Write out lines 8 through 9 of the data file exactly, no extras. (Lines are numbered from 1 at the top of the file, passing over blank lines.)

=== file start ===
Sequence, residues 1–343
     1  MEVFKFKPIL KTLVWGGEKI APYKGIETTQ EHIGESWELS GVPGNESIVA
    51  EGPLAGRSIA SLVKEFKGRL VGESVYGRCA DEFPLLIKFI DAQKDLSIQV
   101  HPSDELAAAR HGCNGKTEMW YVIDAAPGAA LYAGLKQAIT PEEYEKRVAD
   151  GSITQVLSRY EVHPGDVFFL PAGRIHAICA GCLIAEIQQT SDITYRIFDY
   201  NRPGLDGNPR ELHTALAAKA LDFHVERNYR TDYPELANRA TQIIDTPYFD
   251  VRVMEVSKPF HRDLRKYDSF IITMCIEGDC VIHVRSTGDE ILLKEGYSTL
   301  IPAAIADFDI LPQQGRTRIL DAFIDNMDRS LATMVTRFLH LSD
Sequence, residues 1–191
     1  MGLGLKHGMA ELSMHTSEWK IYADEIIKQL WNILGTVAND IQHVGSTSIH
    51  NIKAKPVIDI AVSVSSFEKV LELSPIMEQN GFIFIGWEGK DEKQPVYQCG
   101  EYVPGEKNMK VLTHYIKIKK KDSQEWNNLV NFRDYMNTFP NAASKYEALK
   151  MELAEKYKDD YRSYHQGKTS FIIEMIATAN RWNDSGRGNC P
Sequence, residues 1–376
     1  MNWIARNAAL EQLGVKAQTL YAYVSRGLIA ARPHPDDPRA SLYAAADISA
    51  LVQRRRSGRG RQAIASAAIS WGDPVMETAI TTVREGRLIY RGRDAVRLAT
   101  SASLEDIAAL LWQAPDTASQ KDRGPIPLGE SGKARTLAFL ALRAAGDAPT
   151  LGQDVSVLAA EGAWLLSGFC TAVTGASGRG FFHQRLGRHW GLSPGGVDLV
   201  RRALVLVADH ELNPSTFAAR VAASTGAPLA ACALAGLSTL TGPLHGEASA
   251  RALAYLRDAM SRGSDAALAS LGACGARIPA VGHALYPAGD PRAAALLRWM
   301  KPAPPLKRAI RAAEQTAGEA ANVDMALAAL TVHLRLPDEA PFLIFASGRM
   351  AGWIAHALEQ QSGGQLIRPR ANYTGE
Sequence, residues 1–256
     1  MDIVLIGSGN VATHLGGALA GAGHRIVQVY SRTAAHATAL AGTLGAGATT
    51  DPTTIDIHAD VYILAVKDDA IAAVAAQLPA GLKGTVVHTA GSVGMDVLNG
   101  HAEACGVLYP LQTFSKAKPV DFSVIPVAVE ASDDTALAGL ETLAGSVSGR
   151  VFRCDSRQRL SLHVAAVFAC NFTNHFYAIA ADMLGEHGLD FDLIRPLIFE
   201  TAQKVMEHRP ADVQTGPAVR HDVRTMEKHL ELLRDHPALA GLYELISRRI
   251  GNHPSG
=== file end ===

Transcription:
   301  IPAAIADFDI LPQQGRTRIL DAFIDNMDRS LATMVTRFLH LSD
Sequence, residues 1–191